Medieval Economic Revolution
- LAST REVIEWED: 08 June 2017
- LAST MODIFIED: 22 April 2013
- DOI: 10.1093/obo/9780199920082-0020
- LAST REVIEWED: 08 June 2017
- LAST MODIFIED: 22 April 2013
- DOI: 10.1093/obo/9780199920082-0020
In China’s historical context, the term “medieval” was unmistakably borrowed from European history in as late as the 20th century. It has, however, remained questionable whether this Eurocentric unilinear logic really ever conveniently suited China. Even so, a serious historian may still make do with the term to capture what was going on in China from the Sui until the early Ming, from 581 to c. 1500 across a span close to a millennium, or anything in between. The beginning was marked by the construction of the Grand Canal, over one thousand miles long, during the Sui (581–618), which linked for the first time China’s three major river systems, and hence the three most productive regions, together: the Yellow, Huai, and Yangzi valleys. During the early Ming, China maintained an undisputed first-class sea power in the world. It was a period when private education, secular literature, meritocratic bureaucracy, novel technology and new production, degrees and commercialization, urbanization, and so forth reached an unprecedented height on the East Asian mainland. During this long period, the importance of Tang-Song growth and development loomed large. So much so, the Song period was coined in the 1980s by the world economic historian Eric L. Jones, in his book The European Miracle, as the first recorded intensive growth in Eurasian history. However, the term “revolution” was first used by Shiba Yoshinobu (斯波義信), the Japanese historian of China, to describe commercial growth under the Song, in his 1970 monograph Commerce and Society in Sung China. In reality, what happed was not just economic. It was a wide range of new achievements in institutions, science and technology, production, and market exchanges. Most unfortunately, however, Song growth and development, remarkable as it was, was brutally interrupted by the invading Mongols in the 13th century, who ran sociopolitical and economic systems that were distinctively different from those of the Song. The Mongol rule of China was very short, but the damage was done. Although during the following Ming period (1368–1644) some residual effects of the Song revolution were still detectable, it was marked by a quite different growth trajectory along the line of physiocracy. China’s medieval economic revolution never repeated itself. Such turns and twists in China’s fortunes through history underlie the Great Divergence debate.
Overviews of the Song Economy
The nature, significance, and multitude of the Song growth have been subject of debate. From moribund Eurocentric ideologies, such as the Marxian “Asiatic Mode of Production” and the Weberian “Protestant ethic,” to the hypothesis of “capitalist sprout in the Ming-Qing period” (明清资本主义萌芽), along the official line of the Chinese Communist Party, an intensive growth like that of the Song that led the rest of Eurasia could have never occurred. Evidently, however, not only did growth occur in China (Elvin 1973), but it also continued (Feuerwerker 1982, Maddison 1998). China’s growth engine during the Song was in the South (Pomeranz 2000). Then, there is a question of how Song growth affected the daily lives of the ordinary people (Gernet 1962). In addition, there is the issue of how to view the Song growth performance and why it was not repeated in China until the 19th century (Jones 1990, Jones 2000). A more provocative question, discussed in Hobson 2004, is why all the good things began in the East (where the Song period played a huge part) but fully blossomed only in the West.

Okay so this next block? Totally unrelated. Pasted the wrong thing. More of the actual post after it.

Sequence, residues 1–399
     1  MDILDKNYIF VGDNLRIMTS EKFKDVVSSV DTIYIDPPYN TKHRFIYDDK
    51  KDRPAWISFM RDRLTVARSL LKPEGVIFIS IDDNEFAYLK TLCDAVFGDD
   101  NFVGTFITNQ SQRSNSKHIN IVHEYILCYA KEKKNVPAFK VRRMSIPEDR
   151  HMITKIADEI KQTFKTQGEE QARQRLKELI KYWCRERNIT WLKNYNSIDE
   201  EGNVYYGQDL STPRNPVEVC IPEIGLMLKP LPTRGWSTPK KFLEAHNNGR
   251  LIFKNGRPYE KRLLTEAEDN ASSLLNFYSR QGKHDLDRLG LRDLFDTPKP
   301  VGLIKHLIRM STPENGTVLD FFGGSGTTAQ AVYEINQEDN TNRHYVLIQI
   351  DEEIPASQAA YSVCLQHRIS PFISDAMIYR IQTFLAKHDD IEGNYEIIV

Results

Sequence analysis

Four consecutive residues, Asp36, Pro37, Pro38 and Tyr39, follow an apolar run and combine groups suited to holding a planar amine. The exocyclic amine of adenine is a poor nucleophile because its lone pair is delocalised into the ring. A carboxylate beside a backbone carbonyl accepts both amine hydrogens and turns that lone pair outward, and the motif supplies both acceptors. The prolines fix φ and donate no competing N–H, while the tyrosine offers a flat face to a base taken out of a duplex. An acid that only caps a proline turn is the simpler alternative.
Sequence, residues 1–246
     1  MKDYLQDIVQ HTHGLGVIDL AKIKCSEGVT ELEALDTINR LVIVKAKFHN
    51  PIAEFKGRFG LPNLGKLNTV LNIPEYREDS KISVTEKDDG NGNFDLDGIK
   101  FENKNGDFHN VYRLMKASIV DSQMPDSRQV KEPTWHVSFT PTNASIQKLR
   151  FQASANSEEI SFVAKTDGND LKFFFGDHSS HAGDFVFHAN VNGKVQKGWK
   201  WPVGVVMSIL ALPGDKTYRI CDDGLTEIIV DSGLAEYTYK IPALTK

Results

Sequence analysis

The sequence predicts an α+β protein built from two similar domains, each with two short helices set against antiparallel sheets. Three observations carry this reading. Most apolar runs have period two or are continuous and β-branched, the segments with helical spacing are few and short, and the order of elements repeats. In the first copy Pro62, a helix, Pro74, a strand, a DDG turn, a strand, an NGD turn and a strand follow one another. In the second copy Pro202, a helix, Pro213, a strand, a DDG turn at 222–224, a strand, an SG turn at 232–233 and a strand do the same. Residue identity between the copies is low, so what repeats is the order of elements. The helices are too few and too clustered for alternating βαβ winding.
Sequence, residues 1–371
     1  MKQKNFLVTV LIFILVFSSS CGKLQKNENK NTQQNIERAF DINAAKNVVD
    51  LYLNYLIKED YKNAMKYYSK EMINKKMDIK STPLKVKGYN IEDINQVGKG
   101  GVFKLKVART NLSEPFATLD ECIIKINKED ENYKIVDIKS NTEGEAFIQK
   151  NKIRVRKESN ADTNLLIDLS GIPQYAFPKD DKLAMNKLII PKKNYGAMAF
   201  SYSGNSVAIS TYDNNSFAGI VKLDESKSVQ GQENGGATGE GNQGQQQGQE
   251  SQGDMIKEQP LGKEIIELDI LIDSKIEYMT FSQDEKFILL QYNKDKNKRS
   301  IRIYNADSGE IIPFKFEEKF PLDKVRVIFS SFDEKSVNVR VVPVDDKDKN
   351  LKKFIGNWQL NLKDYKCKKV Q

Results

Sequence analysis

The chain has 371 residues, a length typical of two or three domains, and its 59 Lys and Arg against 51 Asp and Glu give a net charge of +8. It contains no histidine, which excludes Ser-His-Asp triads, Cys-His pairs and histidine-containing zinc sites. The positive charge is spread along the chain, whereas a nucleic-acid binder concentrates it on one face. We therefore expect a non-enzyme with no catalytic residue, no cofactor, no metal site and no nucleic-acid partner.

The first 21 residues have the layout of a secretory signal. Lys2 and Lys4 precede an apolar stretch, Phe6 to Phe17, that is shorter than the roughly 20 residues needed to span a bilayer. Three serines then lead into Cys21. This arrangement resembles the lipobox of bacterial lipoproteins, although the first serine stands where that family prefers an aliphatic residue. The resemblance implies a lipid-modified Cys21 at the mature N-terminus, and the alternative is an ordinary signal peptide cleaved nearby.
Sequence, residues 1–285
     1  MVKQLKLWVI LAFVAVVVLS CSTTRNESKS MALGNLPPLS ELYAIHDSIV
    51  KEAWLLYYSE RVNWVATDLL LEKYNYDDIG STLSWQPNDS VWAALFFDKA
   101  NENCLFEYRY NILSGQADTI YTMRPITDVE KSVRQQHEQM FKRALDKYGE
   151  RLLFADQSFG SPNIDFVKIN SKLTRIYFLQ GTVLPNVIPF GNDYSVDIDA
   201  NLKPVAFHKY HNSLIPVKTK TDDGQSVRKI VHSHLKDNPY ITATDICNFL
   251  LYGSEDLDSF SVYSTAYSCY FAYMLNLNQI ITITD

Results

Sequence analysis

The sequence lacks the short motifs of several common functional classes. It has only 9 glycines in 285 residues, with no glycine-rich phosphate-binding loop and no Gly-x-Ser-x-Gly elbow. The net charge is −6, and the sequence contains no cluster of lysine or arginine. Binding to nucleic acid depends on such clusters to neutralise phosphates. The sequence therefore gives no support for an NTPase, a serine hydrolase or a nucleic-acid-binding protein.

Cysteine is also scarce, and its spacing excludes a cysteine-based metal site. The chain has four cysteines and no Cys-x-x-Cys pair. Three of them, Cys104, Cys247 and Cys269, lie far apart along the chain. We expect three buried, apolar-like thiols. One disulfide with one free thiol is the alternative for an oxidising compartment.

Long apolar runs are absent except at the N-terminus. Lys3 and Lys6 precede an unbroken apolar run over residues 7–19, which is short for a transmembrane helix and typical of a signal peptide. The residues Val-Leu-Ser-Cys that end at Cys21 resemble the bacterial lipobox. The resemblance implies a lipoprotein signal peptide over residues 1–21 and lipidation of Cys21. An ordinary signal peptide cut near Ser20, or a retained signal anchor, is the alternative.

Elvin, Mark. The Pattern of the Chinese Past: A Social and Economic Interpretation. Stanford, CA: Stanford University Press, 1973.
A reading on China’s growth pattern, of which the Tang-Song era loomed large.
Feuerwerker, Albert, ed. Chinese Social and Economic History from the Song to 1900: Report of the American Delegation to a Sino-American Symposium, Beijing, 26 October–1 November 1980. Ann Arbor: Center for Chinese Studies, University of Michigan, 1982.
Also a general reading of Chinese growth and development, which begins with Song growth to give us a sense of continuity.
Gernet, Jacques. Daily Life in China on the Eve of the Mongol Invasion, 1250–1276. Translated by H. M. Wright. Stanford, CA: Stanford University Press, 1962.
Reveals the Song material life of affluence, which was compatible with Song growth before the Song national defense was broken by the invading Mongols.
Hobson, John M. The Eastern Origins of Western Civilisation. Cambridge, UK: Cambridge University Press, 2004.
The author takes the Song economic growth as the antithesis of the “British First” hypothesis regarding the Industrial Revolution.
Jones, Eric L. “The Real Question about China: Why Was the Song Economic Achievement Not Repeated?” Australian Economic History Review 30.2 (1990): 5–22.
Tackles the intriguing issue of the one-off nature of the Song economic revolution.